Another thing to consider is whether to get an endloaded bat or balanced bat.  In general balanced bats are for base hitters, while endloaded bats are for power hitters.  The weight of the bat is evenly distributed in a balanced bat.  The weight of an endloaded bat is heavier in the barrel of the bat.  With balanced bats your initial bat speed is quicker to the point of contact, which allows for greater bat control.  Bat control is about getting around on faster pitching or the ability to hit the fair balls with late swings, since you can quickly get the bat to the point of contact.  Most slappers and base hitters should use balanced bats.

With endloaded bats your bat speed increases during and after the point of contact, which builds momentum through the ball during and after contact.  This extra power can translate into another 10 to 30 feet or more to the distance the ball is hit.  In order to get the maximum benefit from an endloaded bat, your daughter must be athletic and strong enough to maintain her bat speed using these bats.  If an endloaded bat slows her swing too much, she should stick with a balanced bat.

When shopping for bats, they should be clearly described as endloaded if they are.  Most bats on the market are balanced and will either be described as evenly weighted or balanced.  If they mention nothing about weights, then you can assume they are a balanced bat.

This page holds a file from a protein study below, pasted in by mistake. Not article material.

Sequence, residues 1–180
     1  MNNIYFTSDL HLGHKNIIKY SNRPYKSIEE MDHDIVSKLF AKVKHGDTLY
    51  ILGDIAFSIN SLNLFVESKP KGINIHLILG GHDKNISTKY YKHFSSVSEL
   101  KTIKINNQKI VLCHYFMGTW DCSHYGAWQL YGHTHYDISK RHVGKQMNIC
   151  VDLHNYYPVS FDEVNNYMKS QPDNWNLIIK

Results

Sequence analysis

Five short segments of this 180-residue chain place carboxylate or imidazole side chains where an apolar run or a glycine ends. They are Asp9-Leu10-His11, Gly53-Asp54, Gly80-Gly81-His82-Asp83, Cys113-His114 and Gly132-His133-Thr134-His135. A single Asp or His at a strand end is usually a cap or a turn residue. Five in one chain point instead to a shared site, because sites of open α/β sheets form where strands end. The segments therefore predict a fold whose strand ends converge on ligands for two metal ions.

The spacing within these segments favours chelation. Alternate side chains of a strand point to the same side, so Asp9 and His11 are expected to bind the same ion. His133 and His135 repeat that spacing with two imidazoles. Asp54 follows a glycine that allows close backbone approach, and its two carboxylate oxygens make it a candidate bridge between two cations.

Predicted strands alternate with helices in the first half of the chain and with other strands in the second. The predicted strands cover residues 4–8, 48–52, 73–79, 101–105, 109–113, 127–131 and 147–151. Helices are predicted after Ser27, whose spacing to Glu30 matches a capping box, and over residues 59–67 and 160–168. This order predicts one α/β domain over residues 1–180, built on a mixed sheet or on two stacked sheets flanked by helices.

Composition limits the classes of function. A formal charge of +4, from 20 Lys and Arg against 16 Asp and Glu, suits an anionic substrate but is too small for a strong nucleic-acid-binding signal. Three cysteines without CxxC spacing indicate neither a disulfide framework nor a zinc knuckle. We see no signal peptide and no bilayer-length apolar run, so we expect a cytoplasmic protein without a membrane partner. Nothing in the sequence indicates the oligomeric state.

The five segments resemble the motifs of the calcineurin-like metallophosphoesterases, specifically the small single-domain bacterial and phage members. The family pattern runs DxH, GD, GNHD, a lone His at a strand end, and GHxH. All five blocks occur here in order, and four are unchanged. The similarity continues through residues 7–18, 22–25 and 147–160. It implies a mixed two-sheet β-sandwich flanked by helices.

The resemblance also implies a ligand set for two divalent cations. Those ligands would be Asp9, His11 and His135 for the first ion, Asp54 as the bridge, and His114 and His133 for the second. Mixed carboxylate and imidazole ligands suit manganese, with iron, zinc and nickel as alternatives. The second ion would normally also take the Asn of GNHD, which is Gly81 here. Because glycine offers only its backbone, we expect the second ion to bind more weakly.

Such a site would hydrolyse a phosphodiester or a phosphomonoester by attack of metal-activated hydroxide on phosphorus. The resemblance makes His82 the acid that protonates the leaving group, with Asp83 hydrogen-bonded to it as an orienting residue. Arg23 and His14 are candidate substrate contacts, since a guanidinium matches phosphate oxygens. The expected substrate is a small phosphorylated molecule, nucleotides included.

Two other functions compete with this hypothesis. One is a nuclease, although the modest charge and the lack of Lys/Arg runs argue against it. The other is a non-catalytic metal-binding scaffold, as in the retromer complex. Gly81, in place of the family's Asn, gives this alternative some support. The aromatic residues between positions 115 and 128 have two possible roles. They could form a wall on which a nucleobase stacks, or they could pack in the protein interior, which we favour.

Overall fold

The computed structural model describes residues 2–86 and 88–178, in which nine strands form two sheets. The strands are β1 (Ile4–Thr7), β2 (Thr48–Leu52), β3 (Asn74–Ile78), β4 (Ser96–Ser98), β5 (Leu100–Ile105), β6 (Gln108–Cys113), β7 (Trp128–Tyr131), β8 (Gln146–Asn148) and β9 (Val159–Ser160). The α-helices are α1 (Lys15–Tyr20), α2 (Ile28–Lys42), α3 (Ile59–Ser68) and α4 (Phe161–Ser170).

Your daughter may be able to maintain her bat speed and control with a -10 drop bat that is balanced, but not one that is endloaded.

Fifth Question - What is Bat Drop?

The bat drop of a bat is the length minus the weight.  A bat that is 32" long and weighs 22 ounces has a bat drop of -10, which is also the most popular drop size bat.  The drop of the bat has nothing to do with whether it is balanced or endloaded.  At some point if your daughter is continuing to play higher levels of softball, she will need to be able to cover the outside part of the plate.  She may want a longer bat, but not a heavier bat, which will allow her to maintain her bat speed and control.  A bat with a -11, -12 or -13 drop may be best for her (ex. 33" 20oz).  If your daughter is athletic and strong enough to maintain her bat speed and control with a longer and heavier bat, she may want a -8, -9 or -10 drop bat (ex. 34" 26oz.). 

That said concerning bat drops, you will still need to know if the bat is endloaded or balanced.  Your daughter may be able to maintain her bat speed and control with a -10 drop bat that is balanced, but not one that is endloaded.  If you are really unsure or inexperienced in choosing a bat, visit your local retailer who also has batting cages and ask them to try a few bats out.  Most of them will be glad to let you do this, especially if you're looking at $300 bats.  Make sure her swings look smooth, consistent and that she is able to hit faster pitches.  Ask her how each bat feels when making contact.  All these bats have warranties, which you can ask the retailer about or read about on the manufacturers web sites.